It started out simply. Whenever I made a promise to do something for a client, I knew that following through with that promise would result in a deposit into my Emotional Bank Account—my EBA—with that client. They would feel better about me and our relationship because I kept my word. I quickly learned that it didn’t matter how large or small the promise was. If I kept it, I made a deposit into my EBA with that client. If I failed to keep my promise, I took a withdrawal. I soon learned that the same thing happened with other interactions. Kind words, a smile or a warm handshake at the beginning of a meeting would result in an Emotional Bank Account deposit, while running a bit late or appearing distracted would result in a withdrawal.
The truth is, I realized that every time I had an interaction with anyone—a client, a potential client, a co-worker or team member—every single contact was an opportunity to either make a deposit into my EBA with that person or to take a withdrawal from it. Every contact was an opportunity to make the person with whom I was interacting feel something positive about our relationship, to grow our Emotional Bank Account. Of course, not every interaction would result in a deposit. It’s only human to stumble, make mistakes, have bad days. Still, by remembering how my words and actions can impact my Emotional Bank Accounts, I made more deposits than withdrawals and, over time, my Emotional Bank Accounts with my clients grew and with them, so did my business.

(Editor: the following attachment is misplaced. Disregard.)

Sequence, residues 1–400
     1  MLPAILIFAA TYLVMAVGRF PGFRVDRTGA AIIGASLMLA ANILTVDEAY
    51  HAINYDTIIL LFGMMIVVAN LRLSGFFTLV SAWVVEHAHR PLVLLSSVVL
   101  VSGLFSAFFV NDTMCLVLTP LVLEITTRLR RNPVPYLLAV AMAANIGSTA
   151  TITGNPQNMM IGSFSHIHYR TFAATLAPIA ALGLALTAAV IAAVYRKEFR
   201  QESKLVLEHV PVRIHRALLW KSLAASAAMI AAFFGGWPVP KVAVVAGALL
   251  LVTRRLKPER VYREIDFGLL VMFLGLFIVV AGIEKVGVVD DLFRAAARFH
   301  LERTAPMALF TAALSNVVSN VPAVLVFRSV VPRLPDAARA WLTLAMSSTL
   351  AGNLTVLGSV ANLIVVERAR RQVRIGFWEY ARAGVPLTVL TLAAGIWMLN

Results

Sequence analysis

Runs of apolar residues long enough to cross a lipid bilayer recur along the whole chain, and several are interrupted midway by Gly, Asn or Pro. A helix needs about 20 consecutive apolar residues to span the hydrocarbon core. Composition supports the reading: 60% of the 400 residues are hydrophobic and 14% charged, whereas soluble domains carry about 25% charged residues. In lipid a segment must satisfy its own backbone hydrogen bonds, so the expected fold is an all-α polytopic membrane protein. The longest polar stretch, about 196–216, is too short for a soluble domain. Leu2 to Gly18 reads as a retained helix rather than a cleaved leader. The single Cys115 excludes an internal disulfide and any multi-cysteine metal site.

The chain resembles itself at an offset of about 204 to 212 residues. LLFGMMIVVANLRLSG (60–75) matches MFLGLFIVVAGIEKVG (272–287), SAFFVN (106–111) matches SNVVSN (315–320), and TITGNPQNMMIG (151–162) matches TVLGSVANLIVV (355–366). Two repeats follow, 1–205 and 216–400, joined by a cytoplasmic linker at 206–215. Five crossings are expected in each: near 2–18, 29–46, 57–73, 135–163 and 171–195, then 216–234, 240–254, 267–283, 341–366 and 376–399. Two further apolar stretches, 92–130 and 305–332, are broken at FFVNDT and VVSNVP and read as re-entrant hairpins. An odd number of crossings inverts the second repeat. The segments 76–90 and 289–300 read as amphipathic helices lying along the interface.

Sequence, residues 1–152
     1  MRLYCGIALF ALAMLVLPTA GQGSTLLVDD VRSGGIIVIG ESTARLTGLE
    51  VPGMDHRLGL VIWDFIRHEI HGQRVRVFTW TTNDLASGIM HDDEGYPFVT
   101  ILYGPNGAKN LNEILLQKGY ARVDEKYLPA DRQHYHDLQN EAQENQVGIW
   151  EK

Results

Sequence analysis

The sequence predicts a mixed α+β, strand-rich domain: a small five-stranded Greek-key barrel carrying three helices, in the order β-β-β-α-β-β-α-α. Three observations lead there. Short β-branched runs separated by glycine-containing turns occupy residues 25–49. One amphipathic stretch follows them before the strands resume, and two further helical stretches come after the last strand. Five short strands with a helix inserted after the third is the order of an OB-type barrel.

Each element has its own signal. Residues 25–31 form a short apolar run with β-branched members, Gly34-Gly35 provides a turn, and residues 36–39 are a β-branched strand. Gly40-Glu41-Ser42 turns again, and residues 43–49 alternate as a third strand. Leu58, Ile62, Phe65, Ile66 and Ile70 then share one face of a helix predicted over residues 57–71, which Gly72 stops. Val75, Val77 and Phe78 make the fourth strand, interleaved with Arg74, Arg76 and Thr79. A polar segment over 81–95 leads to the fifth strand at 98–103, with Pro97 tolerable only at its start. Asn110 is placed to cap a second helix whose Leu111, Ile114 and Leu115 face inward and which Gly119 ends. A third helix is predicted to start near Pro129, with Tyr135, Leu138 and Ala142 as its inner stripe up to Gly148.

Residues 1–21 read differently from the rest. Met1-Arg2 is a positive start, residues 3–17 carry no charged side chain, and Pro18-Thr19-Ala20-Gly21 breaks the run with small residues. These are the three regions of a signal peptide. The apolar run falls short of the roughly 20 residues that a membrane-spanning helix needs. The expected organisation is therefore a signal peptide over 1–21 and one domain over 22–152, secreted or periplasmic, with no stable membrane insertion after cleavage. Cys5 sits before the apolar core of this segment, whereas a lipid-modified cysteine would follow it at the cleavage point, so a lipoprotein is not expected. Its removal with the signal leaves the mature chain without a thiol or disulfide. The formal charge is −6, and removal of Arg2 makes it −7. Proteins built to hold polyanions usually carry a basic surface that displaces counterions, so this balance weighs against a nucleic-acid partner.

Think about the people in your professional life—your clients and co-workers. Do they have “money in the bank” when it comes to your Emotional Bank Accounts with them? Or, are their Emotional Bank Accounts “overdrawn”? Your professional reputation is built on your portfolio of Emotional Bank Accounts. You can’t buy a good reputation and you can’t build one overnight. It is with small, intentional deposits made into your Emotional Bank Accounts—with words and actions intended to positively impact those with whom you interact—that your Emotional Bank Accounts will grow and with them your professional reputation and business.
When people talk about a bad reputation, they are really speaking about poor Emotional Bank Accounts. Once you’ve overdrawn too many accounts, it takes a lot of hard work and often a very long time to restore them. Still, it’s not a zero-sum game. And every deposit into an EBA, no matter how small, makes an astonishing difference. At its core, an Emotional Bank Account underscores the simple truth that how we treat each other matters a great deal.